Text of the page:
Friday, August 22, 2014

The Power of the Question

Wow,
The school year is upon us and I am very excited to get back to work.  I was not able to get as many work-related things done as I had hoped, but was able to do a little reflecting while lounging in the sweltering Houston heat.
The one thing I could not stop thinking about was how my students had struggled to come up with questions during our PBL unit last Spring.  I thought I had prepared them well for this activity, and we had discussed the importance of questioning the world around you.  (By the way, this is a great example of why failing is also so important, especially for us teachers.  When we fail we grow, and challenge ourselves.  Another revolution I guess)
But, my colleagues (the amazing Karen Justl&Shelby Acevedo) and I sat in agony while working with students. Many could only come up with closed-ended questions, surface level questions, or worse... the dreaded blank stare accompanied by NO QUESTION/S at all!!!!
Our minds were blown, and we all decided it was time to start thinking about the importance of questioning in the classroom.  After all, all great thinkers question the world around them , and aren't these what all educators strive to create?
So,  here I am sharing in the hopes that I can inspire others to lead a questioning revolution.  What might this look like you ask?  Well...I actually don't know.  This will be my first year to try and create one in my own class.  I teach 10th grade ELA, so it is a natural fit and easy to implement.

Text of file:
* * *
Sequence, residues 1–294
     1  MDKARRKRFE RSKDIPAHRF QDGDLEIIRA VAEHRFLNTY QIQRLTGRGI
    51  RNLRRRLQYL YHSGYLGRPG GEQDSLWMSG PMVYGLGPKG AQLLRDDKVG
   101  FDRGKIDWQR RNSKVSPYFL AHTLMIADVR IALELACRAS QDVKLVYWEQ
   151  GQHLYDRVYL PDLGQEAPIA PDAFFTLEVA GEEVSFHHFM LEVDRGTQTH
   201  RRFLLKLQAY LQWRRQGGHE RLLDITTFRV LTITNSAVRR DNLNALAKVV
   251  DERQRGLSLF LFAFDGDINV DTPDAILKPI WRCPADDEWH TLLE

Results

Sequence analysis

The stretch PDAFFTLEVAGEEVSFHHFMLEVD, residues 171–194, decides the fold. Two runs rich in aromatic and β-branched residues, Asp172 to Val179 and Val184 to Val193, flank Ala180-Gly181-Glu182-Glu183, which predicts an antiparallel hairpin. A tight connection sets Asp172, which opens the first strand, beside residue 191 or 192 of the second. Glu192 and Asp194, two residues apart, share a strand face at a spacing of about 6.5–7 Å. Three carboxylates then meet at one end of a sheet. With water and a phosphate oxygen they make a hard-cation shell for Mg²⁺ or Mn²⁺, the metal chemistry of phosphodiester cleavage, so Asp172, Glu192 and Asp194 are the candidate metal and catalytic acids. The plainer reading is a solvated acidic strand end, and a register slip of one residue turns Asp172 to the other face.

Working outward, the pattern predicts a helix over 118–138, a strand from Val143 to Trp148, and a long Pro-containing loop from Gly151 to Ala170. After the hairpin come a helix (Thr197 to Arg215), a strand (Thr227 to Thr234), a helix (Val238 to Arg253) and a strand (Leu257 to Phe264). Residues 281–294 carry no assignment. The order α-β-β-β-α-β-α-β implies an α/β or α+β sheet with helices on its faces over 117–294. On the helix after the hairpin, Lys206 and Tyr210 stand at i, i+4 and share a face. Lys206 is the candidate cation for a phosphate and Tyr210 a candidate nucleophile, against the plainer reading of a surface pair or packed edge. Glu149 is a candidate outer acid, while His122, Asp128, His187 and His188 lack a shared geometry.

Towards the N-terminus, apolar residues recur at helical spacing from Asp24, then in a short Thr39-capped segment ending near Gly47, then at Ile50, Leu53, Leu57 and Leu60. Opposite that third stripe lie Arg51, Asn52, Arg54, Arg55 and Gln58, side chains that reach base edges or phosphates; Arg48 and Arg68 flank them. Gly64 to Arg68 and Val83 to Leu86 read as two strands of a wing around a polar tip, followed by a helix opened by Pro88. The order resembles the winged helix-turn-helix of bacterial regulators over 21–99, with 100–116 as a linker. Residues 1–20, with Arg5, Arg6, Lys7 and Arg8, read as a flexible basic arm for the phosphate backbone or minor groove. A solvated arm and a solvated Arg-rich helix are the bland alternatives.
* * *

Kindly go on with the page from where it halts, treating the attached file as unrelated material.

If you are wondering why we should start a revolution, then take a gander at this article. http://blogs.kqed.org/mindshift/2014/03/why-its-imperative-to-teach-students-how-to-question-as-the-ultimate-survival-skill/

If it can't convince you, then I don't know what will.

The beauty of questioning is that relates to all content areas, and lends itself to a wonderful variety of activities.  If you aren't ready to tie it to all of your curriculum, then consider implementing it in a Makerspace or Genius Hour activity.

As for me, I consider questioning an integral part of literacy and will be teaching my students this. I will be using the Right Question Formulation Technique throughout the year with various texts/media.  The following link has everything you need to implement the strategy: http://rightquestion.org/


Let me know if you join in. I would love to hear what you are doing, and how it is going.
I will post regularly on our progress, and hope you all do the same.